Victorians are returning to Houghton to celebrate Christmas
HOUGHTON — Times and fashions have changed since Houghton was founded by Ransom Shelden in 1852. The grand stone buildings along the main street named for the town’s founder, however, still reflect the elegance and grace of the mid-Victorian Era in which they were constructed, mostly between the 1880s and 1890s.
The elegance and grace of that grand era will return again on Saturday, Dec. 14, with the city of Houghton and downtown business’ third annual Victorian Christmas celebration, and the public is invited to attend, and is encouraged to come out in their finest Victorian fashions, or lacking them, people are welcome to stop by the city hall between 3:30 and 4 p.m., where there will be some period clothing available for those who would like to dress up. They are also welcome to join in the downtown stroll and sing with carolers.
Lt. Nick Robert of the Houghton Police, and one of the event organizers, said that there are activities for all ages.
“Starting at 2 to 4 p.m., there will be the Carnegie Open House events,” said Roberts. “Kids can get pictures with Santa Claus, they’re going to have music, and ‘Wintertime Stories with Chris.'”
There will also be gingerbread house decorating, a candy-covered playhouse, and hot chocolate and sweet treats.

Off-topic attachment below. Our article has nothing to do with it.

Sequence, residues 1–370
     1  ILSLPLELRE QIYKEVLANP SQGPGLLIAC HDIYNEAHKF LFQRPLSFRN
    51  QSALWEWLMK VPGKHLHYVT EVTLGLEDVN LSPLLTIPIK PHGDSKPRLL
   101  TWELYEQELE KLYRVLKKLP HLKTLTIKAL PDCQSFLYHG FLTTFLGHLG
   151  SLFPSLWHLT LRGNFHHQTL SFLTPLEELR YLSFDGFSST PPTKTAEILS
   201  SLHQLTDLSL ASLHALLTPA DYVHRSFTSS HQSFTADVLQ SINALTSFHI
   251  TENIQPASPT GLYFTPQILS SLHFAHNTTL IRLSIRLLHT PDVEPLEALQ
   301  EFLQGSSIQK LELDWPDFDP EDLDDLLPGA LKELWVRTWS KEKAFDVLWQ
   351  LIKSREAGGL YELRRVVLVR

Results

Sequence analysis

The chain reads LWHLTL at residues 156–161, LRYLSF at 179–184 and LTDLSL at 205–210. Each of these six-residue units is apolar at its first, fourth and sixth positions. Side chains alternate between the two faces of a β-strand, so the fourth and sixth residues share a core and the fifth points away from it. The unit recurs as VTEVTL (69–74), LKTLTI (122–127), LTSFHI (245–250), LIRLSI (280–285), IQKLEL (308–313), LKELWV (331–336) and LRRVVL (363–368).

From 4-6 p.m., the downtown events of the Victorian- inspired Christmas celebration will begin.
“We should have anywhere from 30 to 40 costumed villagers in traditional dress, walking around the streets,” Roberts said. “We’ll also have eight or so burn-barrels for people to stay warm.”
Whereas the past two years, the city provided small sandwiches for people, Roberts said this year, they have asked the local restaurants do offer specials.
“We want to make sure that our businesses get business,” Roberts said with a chuckle. “We don’t want to take away from them, so we have restaurants, they know how to cook, it’s just easier and it helps them out for the holidays, as well.”
The Portage Lake District Library is part of the celebration again this year, where horse and carriage rides will begin and end, and they are also offering hot chocolate and cookies.
The downtown businesses will also be open for the event.
“Please, go in and shop,” Roberts said. “Have fun, walk around. I’m sure their stores will be decorated, and it will feel like Christmas.’
Roberts said for those who would like to participate but lack period clothes, he would like to invite them to go to the city hall between 3:30 and 4 p.m.
“We will have some outfits here if they would like to borrow them,” he said, “we want to help them out.”
Last but not least, there will a tree lighting at Bridgeview Park at 6 p.m.